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In this article, I will help you overcome social anxiety for good.  Connecting with other people and forming loving and trusting relationships can bring us immense joy and happiness. However, for some people, talking to new people, asking for a date or speaking in public creates fear and anxiety.

In this article, I will explain what social anxiety is and cover the typical symptoms. I will also uncover the 4 components to social anxiety.  Knowing and understanding these 4 components is key to how you overcome social anxiety.

I’ll then cover 8 of the most effective ways to help you overcome social anxiety. Keep reading as you learn how to be socially confident and develop wonderful friendships and relationships.

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What Is Social Anxiety?

It’s a fear of social environments and your ability to perform well in those environments. This includes anxiety about being judged, watched or negatively evaluated. It’s also the fear of being rejected, embarrassed or scrutinized in social situations.

Symptoms of Social Anxiety

The symptoms of social anxiety include:

  • Being afraid to ask questions.
  • Difficulty talking to people that you don’t know.
  • Believing that people don’t like you.
  • Believing that other people are better than you.
  • Avoiding social events.
  • Avoiding crowds.
  • Feeling uncomfortable talking to authority figures such as your manager at work.
  • Making more mistakes when other people are watching you.
  • Being silent in meetings.
  • Not wanting to be the center of attention.  For example, on your birthday.
  • Avoiding tough phone calls. For example, sales calls, following up on an interview or asking someone out on a date.

Where Does Social Anxiety Come From?

Thousands of years ago, when we lived as part of a tribe, our survival depended on being in the tribe.  If the tribe rejected you and forced you to live on your own, you wouldn’t survive.

Although being rejected is no longer a life or death situation, your brain is wired to believe that survival depends on being accepted by others.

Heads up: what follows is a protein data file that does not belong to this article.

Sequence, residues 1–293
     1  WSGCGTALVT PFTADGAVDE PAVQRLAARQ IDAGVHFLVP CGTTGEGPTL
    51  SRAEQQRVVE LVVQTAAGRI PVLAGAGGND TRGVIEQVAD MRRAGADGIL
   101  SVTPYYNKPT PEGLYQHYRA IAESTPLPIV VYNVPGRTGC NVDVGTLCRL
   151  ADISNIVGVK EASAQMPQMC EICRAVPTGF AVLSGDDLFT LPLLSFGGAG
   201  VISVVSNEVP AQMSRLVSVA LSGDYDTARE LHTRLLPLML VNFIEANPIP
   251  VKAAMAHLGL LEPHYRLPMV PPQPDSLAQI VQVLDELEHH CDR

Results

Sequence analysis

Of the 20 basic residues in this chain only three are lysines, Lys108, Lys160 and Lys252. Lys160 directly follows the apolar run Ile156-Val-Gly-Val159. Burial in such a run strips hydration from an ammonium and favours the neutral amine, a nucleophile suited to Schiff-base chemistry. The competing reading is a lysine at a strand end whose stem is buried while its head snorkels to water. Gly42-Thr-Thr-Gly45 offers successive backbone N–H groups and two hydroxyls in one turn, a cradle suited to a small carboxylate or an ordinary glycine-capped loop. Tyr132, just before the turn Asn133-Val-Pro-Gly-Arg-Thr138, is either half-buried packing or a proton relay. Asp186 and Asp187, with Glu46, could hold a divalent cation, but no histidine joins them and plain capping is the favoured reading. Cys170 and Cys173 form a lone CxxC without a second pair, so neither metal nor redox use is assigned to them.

How Many People Suffer with Social Anxiety?

About 12% of people experience social anxiety that significantly impacts their life. It affects their happiness, their ability to do things and hampers their career.

Many more people suffer from social anxiety in certain interpersonal situations, but are fine in others. So whether you have a mild case of social anxiety or one that is more severe, this article will help you.

The 4 Components to Social Anxiety

Social anxiety (and other types of anxiety) are created and maintained by 4 components. These are physiological, cognitive, emotional and behavioral.

Physiological

This is the physical symptoms of social anxiety. These symptoms include:

  • A racing heart.
  • Sweaty palms.
  • Butterflies in your stomach.
  • Shaky hands.
  • Shaky voice.
  • Feeling faint.
  • Blushing.

As these symptoms are physical, other people could potentially see them.  However, you will notice them far more than other people will.  Most people will be totally unaware of any physical symptoms you’re experiencing.

These physiological symptoms happen during the social anxiety situation.  You may notice some minor physical symptoms when thinking about it beforehand. However, it’s much more pronounced during the social situation.

Cognitive

Cognitive or cognitions is the technical term for thoughts. It’s about what is going on in your mind. This includes negative thoughts, excessive thoughts, and thinking the same thoughts repeatedly.  This is called rumination.

The cognitive component also includes how you imagine the social situation in your mind. Are you imagining it going badly? Imagining flunking a presentation or being rejected by another person?.

Unlike the physical symptoms that only happen during a social anxiety situation, these cognitive components can happen both before and during any social situation. So you can experience the cognitive components of social anxiety long before a social situation takes place.

This is crucial to understand!  If you can reduce the amount of thinking and negative imagery about a social situation before it happens, then you will be more calm, relaxed and confident in that social situation.

Emotional

The cognitive components (how you think and imagine) will generate distinct feelings and emotions. These include feeling very self-conscious in social situations. Or feeling afraid of being watched, judged, or embarrassed.

The emotional components can also occur before a social situation. You might worry about a specific social event long before it happens.

Behavioral